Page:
- The Washington Times - Thursday, May 16, 2019

ANALYSIS/OPINION:

Earlier this week, a memo surfaced in Ukraine, allegedly revealing how former Vice President Joseph R. Biden accepted an “unlawful benefit” from his son’s financial ties to local oil and gas producer Burisma.

I am no fan of Mr. Biden, but the “memo” needs to be taken with a great big grain of salt. Ukraine is famously corrupt, and such explosive findings need to be met with the same thorough vetting that the so-called “black ledger” implicating former Trump campaign chief Paul Manafort should have received.

The Kiev Post writes, “A memo allegedly leaked from the Prosecutor General’s Office of Ukraine shows that prosecutors are accusing [Mr. Biden] of receiving ‘an unlawful benefit’ from former Ukrainian Ecology Minister Mykola Zlochevsky’s Burisma Group, an oil and gas producer.”

The document, the paper reported, also accuses Mr. Zlochevsky of offering Mr. Biden and former Secretary of State John Kerry a “share of Burisma Group’s profits” for their help.

There has been a lot of focus on Mr. Biden and his family’s dealings with Ukraine’s shady commercial sector. I have my suspicions that whatever took place between Mr. Biden, his son Hunter, the Ukrainian prosecutor’s office and Burisma was not pretty and probably corrupt. However, this new memo coming out of nowhere right at this time strikes me as a bit too good to be true.



I personally did some digging on the Manafort “black ledger” back in 2016. I had met with the head of the Ukrainian National Anti-corruption Bureau of Ukraine (NABU), Artem Sytnyk, prior to the Manafort incident and when I heard about the ledgers in a New York Times story, I called NABU’s press representative the next morning. She told me at the time that what was published in The New York Times had not been provided by NABU and was most likely “taken off the internet.”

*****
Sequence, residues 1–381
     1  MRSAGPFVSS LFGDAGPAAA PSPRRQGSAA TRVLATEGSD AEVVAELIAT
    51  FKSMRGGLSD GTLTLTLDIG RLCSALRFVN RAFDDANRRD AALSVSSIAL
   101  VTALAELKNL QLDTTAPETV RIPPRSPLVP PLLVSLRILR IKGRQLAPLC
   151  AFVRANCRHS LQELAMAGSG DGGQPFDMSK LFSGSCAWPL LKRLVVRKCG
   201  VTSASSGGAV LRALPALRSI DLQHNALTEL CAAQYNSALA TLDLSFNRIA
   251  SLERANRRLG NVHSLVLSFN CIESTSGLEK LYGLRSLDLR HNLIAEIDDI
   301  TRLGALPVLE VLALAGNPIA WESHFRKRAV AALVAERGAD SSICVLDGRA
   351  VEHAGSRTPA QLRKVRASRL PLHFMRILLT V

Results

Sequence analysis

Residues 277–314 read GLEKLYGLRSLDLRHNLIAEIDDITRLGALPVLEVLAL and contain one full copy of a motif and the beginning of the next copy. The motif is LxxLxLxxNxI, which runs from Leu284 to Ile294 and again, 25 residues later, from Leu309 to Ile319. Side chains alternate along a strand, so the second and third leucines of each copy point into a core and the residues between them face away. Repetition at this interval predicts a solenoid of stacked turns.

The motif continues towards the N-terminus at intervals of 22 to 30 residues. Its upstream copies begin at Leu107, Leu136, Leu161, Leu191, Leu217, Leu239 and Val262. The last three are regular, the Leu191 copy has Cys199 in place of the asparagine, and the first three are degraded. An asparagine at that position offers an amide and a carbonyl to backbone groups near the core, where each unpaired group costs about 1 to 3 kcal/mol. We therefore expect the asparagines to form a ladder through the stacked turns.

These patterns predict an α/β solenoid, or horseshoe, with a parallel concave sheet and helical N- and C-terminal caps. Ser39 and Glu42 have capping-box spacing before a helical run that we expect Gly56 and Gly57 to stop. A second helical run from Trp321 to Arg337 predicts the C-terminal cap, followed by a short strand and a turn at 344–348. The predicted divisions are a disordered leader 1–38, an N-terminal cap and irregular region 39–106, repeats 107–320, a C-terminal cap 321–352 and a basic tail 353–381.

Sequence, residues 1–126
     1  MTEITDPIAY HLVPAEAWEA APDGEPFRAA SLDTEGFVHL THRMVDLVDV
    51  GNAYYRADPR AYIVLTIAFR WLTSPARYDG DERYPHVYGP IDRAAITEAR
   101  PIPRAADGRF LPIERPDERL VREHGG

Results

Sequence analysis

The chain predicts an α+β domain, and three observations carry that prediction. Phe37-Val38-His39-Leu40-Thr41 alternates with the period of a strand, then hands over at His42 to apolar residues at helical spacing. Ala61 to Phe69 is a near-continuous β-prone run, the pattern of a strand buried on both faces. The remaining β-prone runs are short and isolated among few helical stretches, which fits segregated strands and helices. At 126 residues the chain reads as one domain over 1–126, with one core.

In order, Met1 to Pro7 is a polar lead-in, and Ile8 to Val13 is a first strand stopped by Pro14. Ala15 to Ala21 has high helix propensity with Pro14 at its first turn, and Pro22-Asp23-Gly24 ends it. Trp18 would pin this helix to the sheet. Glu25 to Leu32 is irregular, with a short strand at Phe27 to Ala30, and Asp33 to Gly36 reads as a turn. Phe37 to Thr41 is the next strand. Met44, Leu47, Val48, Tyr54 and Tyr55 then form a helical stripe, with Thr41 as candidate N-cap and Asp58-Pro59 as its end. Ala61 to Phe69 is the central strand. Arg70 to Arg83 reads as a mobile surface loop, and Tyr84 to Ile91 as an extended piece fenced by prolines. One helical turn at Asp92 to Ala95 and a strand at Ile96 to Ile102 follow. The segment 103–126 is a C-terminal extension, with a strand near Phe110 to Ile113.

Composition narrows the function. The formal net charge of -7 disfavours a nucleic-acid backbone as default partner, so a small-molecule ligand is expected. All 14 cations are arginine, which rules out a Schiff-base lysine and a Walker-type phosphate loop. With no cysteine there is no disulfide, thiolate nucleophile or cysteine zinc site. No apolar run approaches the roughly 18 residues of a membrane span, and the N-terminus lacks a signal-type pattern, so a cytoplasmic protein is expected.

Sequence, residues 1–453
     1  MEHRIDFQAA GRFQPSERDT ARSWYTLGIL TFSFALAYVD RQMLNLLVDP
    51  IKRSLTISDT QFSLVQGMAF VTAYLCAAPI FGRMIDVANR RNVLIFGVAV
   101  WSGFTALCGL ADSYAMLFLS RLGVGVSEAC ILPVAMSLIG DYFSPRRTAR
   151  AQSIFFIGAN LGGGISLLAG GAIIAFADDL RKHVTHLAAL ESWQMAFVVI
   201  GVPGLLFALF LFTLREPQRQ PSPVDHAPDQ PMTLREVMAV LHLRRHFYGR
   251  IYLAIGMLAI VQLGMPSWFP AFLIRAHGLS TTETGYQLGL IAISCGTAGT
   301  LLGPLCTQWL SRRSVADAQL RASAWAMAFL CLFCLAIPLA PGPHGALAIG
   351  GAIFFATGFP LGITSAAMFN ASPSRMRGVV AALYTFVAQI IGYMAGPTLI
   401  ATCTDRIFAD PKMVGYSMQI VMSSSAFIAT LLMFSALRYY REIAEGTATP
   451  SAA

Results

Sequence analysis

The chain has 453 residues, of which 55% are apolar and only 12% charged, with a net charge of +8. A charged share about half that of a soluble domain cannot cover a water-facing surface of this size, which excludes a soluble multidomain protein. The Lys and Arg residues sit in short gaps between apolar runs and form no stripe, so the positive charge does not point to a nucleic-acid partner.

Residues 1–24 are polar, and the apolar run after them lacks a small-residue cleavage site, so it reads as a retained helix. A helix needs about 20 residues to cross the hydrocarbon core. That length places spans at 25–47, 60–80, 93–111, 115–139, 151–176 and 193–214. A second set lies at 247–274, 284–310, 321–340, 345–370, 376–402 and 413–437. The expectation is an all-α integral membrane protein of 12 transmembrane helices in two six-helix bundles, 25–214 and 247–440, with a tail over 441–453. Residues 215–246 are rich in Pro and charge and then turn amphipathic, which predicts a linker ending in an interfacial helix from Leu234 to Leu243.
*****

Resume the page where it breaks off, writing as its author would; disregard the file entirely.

We later found out that the entire Manafort affair was set up by someone in Ukraine in order to help Democratic presidential candidate Hillary Clinton defeat Mr. Trump in the 2016 election. I’m not vouching for Manafort’s behavior overall; I’m simply stating the obvious — the “black ledger” was most likely fake evidence.

Once Mr. Trump was elected, Ukrainian President Petro Poroshenko immediately got on a plane and flew to Washington to meet with the new U.S. leader, obviously worried that America’s support for Kiev would be in doubt due to Ukraine’s “meddling” in the U.S. electoral process on Mrs. Clinton’s behalf.

“Evidence” tends to appear in Ukraine when it is needed. The country is famous for its dueling oligarchs and political factions, which use the media in order to go after their adversaries. The Biden memo may be just more of the same.

I am not saying that Mr. Biden did not use his influence to get a Ukrainian prosecutor fired in order to take the investigatory pressure off of his son. I think Mr. Biden did do that. My point is, the “memo” suddenly appearing looks to be more of the Ukrainian security services operation to help their new cause — Mr. Trump and his 2020 reelection hopes.

The simple fact is that Mr. Biden and the issue of his alleged corrupt dealings in Ukraine need to be aired in a fair hearing respecting due process — something, but the way, that the Trump campaign and Trump administration never received.

Rudolph W. Giuliani, Mr. Trump’s legal adviser, is right — Mr. Biden will never become president of the United States without the Burisma issue being clarified. Perhaps this is a chance for our law enforcement agencies to rebuild their reputations and do a real investigation, one that can show the American people they have ended their partisan ways.

There is a wise saying that revenge is a dish best served cold. Trump supporters should remember that, and handle the Biden affair the right way.

L. Todd Wood is a former special operations helicopter pilot and Wall Street debt trader, and has contributed to Fox Business, The Moscow Times, National Review, The New York Post and many other publications. He can be reached at LToddWood.com.

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